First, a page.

mistakes, look especially for these kinds of errors. Get someone else to check it
for you if necessary.

check your sentences and punctuation. Are the sentences complete? Does the
punctuation help to make what you’re saying clearer?

Don’t rush the letter; many mistakes occur because of this. Allow plenty of time for checking, and if necessary, for rewriting. The letter may well help to decide your future.


Use the right tone of language

It’s important to use the right type of language, the right ‘register’. Most letters you write will need to be formal, but not overly so. In fact, you should use similar language to that which you use in your academic writing. This means you should:-

avoid everyday, colloquial language; slang or jargon

avoid contractions (I’m; it’// etc)

avoid emotive, subjective language (terrible, rubbish etc)

avoid vague words such as nice, good, get etc

You should always be polite and respectful, even if complaining. One way of doing this in English, which is common in formal letter writing, is to use ‘modal verbs’ such as would, could and should. Instead of simply writing Please send me, you could express this more formally as I would be grateful if you could send me ... Don’t overdo it though, and make your language too formal or maybe old fashioned; don’t look through a thesaurus and put in lots of unnecessarily long words.

Having said this, British people tend to be fairly informal, even in business and academic circles, so it is normal to start using first names at an early stage.

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Make sure the letter is well presented

First impressions are important, so use good quality paper, centre the letter on the page, don’t leave coffee stains on it, make sure you’ve spelt the person’s name correctly and don’t forget to sign it!


Sample letter 1: Covering letter


12, Kenmore Road
Littletown
LT12 9BH

1st December 2001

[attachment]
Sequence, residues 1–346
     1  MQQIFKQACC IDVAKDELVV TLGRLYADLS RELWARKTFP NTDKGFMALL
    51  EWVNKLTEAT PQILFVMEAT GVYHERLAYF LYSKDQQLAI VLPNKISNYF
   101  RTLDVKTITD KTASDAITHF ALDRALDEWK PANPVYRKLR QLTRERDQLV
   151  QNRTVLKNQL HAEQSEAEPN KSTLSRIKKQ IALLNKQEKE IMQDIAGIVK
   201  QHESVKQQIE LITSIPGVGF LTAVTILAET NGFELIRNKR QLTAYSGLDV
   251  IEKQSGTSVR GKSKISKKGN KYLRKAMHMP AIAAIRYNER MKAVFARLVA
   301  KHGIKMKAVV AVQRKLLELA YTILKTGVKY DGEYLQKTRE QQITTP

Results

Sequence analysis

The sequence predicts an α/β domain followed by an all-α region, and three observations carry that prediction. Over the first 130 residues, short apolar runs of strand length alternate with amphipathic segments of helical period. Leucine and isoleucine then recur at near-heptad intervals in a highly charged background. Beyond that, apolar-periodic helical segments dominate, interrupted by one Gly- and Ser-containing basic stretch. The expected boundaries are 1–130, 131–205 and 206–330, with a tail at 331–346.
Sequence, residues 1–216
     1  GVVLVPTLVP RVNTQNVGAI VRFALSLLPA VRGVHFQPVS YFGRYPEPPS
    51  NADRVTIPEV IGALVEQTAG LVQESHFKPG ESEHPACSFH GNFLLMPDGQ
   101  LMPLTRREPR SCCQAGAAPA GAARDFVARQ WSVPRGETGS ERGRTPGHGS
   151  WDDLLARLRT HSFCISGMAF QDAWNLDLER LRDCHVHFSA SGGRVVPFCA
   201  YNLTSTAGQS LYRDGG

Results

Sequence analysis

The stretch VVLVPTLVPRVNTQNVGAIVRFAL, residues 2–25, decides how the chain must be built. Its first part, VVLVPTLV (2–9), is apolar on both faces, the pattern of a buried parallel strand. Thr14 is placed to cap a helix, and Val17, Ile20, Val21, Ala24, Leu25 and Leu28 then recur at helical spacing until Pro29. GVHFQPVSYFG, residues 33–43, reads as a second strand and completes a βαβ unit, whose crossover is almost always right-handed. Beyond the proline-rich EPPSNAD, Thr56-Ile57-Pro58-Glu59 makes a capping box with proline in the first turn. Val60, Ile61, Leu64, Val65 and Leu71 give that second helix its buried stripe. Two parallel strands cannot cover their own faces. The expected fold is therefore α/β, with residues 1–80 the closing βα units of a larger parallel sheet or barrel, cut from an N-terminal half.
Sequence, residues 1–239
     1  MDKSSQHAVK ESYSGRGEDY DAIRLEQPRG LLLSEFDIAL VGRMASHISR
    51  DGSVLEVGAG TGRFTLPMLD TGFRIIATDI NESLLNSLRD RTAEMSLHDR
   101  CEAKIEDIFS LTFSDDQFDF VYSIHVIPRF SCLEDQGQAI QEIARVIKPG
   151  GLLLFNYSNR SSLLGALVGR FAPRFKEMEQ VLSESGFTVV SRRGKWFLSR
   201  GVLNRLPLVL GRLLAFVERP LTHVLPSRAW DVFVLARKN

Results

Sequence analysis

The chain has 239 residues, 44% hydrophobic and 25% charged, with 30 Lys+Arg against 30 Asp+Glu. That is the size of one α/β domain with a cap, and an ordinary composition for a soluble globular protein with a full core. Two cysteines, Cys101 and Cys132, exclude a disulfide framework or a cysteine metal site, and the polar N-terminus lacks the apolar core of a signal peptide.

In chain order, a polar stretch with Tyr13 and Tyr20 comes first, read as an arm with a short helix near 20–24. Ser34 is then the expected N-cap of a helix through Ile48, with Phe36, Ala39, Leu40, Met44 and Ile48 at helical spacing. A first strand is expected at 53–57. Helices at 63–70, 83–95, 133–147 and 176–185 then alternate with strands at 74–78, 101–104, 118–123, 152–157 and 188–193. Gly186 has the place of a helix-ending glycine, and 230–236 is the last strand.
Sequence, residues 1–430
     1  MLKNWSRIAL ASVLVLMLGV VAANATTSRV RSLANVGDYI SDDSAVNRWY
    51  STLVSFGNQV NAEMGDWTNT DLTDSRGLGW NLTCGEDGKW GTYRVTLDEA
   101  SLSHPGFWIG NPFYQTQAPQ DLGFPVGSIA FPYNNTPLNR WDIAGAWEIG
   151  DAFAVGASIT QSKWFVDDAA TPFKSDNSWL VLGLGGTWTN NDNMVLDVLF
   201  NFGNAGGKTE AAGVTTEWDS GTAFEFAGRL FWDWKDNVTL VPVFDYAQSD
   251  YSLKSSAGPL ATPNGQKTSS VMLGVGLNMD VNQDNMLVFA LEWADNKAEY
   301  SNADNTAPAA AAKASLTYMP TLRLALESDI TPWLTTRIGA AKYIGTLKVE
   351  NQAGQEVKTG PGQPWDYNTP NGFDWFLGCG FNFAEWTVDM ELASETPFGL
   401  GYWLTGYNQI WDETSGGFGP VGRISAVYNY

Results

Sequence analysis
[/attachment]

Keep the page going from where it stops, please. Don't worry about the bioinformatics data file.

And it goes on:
Mr G. Sands
Fitness First
Lake Road
Littletown
LT1 5MX

Dear Mr Sands

Re: Fitness Instructor FF/32

I am writing to apply for the job of Fitness Instructor, as advertised in Thursday's Courant. This is an ideal job for me given my enthusiasm for sport, my related experience and qualifications.
Sport and fitness training have always been important to me, which is why I chose to take a BTEC Diploma in Sports Science. I obtained distinctions in the Sports Anatomy & Physiology and Sports Injuries modules last year and am confident that I will get similar marks in Exercise Physiology, Mechanics of Sport and Sports Supervision & Management this year. I am a confident user of Microsoft Office 2000 and have worked extensively with Fitness Publisher, a program for analysing fitness.
As you can see from my CV, I've taken the opportunity to gain extra qualifications that were on offer at college, which has helped me get part-time work as a pool attendant. I'm called on to provide cover during busy times so am used to working irregular hours at short notice. I've also run a lunchtime aerobics class at college since the start of this year.
I finish college in six weeks and am keen to find a job rather than carry on with further full-time study. I could start any part time work or training sooner as many of my classes are finishing and most of my assignments are done. I look forward to hearing from you.

Yours sincerely

Louise Longford

Source: http://www.bbc.co.uk/radio1/onelife/work/applications/example.shtml

Sample letter 2: Business letter

Whitcomb Polytechnic
20-30 Newcastle Road
Whitcombe
Tyne and Wear
WT5 4AH

11 October 2007

The General Manager
Fukuoka Motors (UK) Ltd
PO Box 137
York Road
Loughton
Durham
LT3 5HD

Dear Sir

I understand from my colleague, Professor William Jones, who visited your Loughton plant last month, that you sometimes allow groups of students to tour the factory and see for themselves how Japanese production techniques operate in a European environment. Professor Jones himself was most impressed by his own visit, and recommended that I write to you.

Would it be possible for a group of 20 Business Studies students - male and female, aged between 18 and 22 - from Whitcomb Polytechnic to visit you before the end of this term, which is on the 21 December? I realise that you must receive many requests for such visits, and that the time available may already be booked up. If it is not, and you are able to see us, I should be most grateful if you could suggest a date and let me know of any normal conditions you lay down for visits of this kind.

I look forward to hearing from you.

Yours faithfully


B Farrant (Dr)
Senior Lecturer

Source: http://www.henley-cov.ac.uk/public/xfiles/general/progarea/Overseas/LCCI/Level2/Letter/Lesson1.doc

Links to further resources on writing formal letters

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Steve Gould
Last updated: 4 January 2011